In my recurring Fool column, "Get Ready for the Bounce," we search for future winners in a pile of 52-week losers. But do we really need to sit around for a whole year, waiting for a fallen stock to bounce back?

 Nope. Sometimes stocks fall hard, in far less time than a year. And like a superball dropped from the balcony, the harder they fall, the higher they bounce. Today, we'll look at a few equities that've suffered dramatic drops over the past week. With a little help from the 165,000 members of Motley Fool CAPS, we hope to find an opportunity or two for you:

Company 

How far from 52-week high?

Recent Price

CAPS Rating (out of 5)

News Corp. (Nasdaq: NWSA)

(26%)

$12.57

****

Delta (NYSE: DAL)

(19.7%)

$12.00

*

US Airways (NYSE: LCC)

(15.7%)

$9.16

*

UAL (Nasdaq: UAUA)

(15%)

$20.91

*

Continental (NYSE: CAL)

(13.5%)

$22.13

*

Companies are selected by screening for 10% or greater price drops over the past week. 52-week high, recent price data, and CAPS ratings from Motley Fool CAPS.

Five super falls -- one superball
Another Monday, another down week for investors. As trading revved back up this morning, the S&P 500 was coming off a discouraging 3.6% loss for the past five trading days -- and many stocks fared far worse. Up above, you see five such hapless equities, each of which shed 10% or more of its value over the past week.

What went wrong? In most of the cases, we can track the losses back to two events. First, reports of cracks being discovered on Boeing 767 jets run by American Airlines left regulators investigating and investors worrying. Boeing's considering a recommendation that everyone who flies the jets should watch for signs of stress more often. In addition to American, that could mean extra costs and revenue-less downtime for Delta, UAL, Continental, and US Airways, as airplanes get sent back to the shop for repairs.

Then, adding price wars to injury, industry analysts cited Southwest Airlines' introduction of a fall airfare sale two weeks earlier than usual as evidence of weak demand among flyers. There's nothing like weak consumer demand, coupled with fears of an accelerated price war among airlines, to send stock prices tumbling.

But if you think that's bad news, did you hear what happened to News Corp. last week?

The bull case for News Corp
Neither did I. Not one news item explains the 10% decline that News Corp. shares suffered last week. To the contrary, a Standard &Poor's report issued last week revealed that advance sales of advertising time for the fall TV season were "stronger than expected in terms of [price] increases, volume, and the breadth of advertiser participation."

I'm not alone in thinking that this should be good news for News Corp. CAPS member xaresomai says News Corp. is dominating cable television, and poised to profit as it moves to make news-consumers pay for content.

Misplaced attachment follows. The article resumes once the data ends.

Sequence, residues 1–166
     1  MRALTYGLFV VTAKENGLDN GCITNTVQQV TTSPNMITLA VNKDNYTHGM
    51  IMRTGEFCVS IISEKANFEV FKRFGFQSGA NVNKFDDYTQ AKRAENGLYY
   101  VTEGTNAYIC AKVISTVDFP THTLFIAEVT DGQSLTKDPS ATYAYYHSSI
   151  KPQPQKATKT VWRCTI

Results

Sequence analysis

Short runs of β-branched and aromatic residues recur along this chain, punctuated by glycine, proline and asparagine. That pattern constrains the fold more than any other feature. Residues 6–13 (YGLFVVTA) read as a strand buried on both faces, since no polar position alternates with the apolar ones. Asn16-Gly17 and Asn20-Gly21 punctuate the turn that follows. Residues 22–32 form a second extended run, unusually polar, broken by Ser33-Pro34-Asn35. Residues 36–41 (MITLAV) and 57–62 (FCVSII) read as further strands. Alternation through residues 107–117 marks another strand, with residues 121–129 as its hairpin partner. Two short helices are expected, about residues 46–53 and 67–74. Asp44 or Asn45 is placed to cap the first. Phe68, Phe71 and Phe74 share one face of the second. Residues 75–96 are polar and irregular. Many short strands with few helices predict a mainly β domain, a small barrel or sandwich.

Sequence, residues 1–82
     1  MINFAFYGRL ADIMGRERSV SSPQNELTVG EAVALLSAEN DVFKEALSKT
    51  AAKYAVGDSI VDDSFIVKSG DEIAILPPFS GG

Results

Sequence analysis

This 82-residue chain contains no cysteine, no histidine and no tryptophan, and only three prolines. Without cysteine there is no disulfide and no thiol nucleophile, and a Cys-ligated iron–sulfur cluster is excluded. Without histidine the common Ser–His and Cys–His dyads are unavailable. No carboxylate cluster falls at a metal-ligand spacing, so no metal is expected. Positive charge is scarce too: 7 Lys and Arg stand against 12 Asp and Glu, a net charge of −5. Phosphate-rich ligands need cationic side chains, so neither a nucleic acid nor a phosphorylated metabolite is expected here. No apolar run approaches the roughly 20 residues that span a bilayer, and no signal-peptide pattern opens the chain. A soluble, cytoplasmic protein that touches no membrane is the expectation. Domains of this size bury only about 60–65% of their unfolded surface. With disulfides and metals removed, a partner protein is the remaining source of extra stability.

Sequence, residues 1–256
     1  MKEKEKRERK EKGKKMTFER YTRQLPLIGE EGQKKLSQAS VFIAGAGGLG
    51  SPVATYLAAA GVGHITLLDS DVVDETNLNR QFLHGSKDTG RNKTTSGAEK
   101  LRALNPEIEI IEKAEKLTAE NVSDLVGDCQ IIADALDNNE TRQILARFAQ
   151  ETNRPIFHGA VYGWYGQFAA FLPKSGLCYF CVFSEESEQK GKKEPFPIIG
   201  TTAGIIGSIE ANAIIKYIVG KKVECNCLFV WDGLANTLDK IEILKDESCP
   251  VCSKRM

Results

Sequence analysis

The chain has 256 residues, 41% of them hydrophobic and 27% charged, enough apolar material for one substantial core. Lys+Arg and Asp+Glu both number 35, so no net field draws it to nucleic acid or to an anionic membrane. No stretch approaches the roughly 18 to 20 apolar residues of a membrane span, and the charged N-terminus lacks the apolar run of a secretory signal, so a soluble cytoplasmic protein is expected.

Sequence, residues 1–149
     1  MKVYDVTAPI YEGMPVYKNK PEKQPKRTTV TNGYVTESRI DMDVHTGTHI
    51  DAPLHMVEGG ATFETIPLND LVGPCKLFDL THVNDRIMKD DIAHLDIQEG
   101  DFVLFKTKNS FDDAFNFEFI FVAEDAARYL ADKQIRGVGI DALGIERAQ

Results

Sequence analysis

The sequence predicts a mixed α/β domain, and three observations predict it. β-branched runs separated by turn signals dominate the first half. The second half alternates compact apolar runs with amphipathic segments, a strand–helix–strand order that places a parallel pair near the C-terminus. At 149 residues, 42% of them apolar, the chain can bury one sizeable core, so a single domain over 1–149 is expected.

On the newsprint front, aaw26 calls News Corp. "the largest. They will replace NY Times or buy and own. They cover more of the media industry than any other."

Indeed, as far back as 2007, CAPS member rjpaiz called News Corp. "the best-diversified player among the large-cap US companies in its segment ... [and it enjoys] high expected growth."

Just how high, exactly?
Wall Street's consensus estimates up on Wall Street call for the company to produce earnings growth in excess of 13.4% per year over the next five years -- a pace faster than you'll find at any of its major rivals, Time Warner (NYSE: TWX), Viacom, or Disney (NYSE: DIS). Don't even ask about the newsprint rivals, most of which are struggling to achieve even single-digit growth.

Sure, 13%-ish growth may not sound like enough to support News Corp.'s 22.4 P/E (as of last night). But dig a little deeper, and you may be surprised at how cheap this stock really has become. Free cash flow for the past 12 months came to more than $3.2 billion, which has the stock trading for close to 11 times free cash flow. Toss its net debt into the equation to calculate enterprise value, and it still trades for less than a 13-times multiple -- which looks decently cheap for the growth rate to my Foolish eye.

Time to chime in
Granted, saying that News Corp. has its detractors is a considerable understatement. But then again, it's unlikely the stock would ever have gotten this cheap if everybody loved it.

Is the stock cheap enough for you, Fool?

Walt Disney is a Motley Fool Inside Value recommendation. Disney and Southwest Airlines are Stock Advisor choices. 

Fool contributor Rich Smith does not own shares of any company named above. You can find him on CAPS, publicly pontificating under the handle TMFDitty, where he's currently ranked No. 449 out of more than 165,000 members. The Fool has a disclosure policy.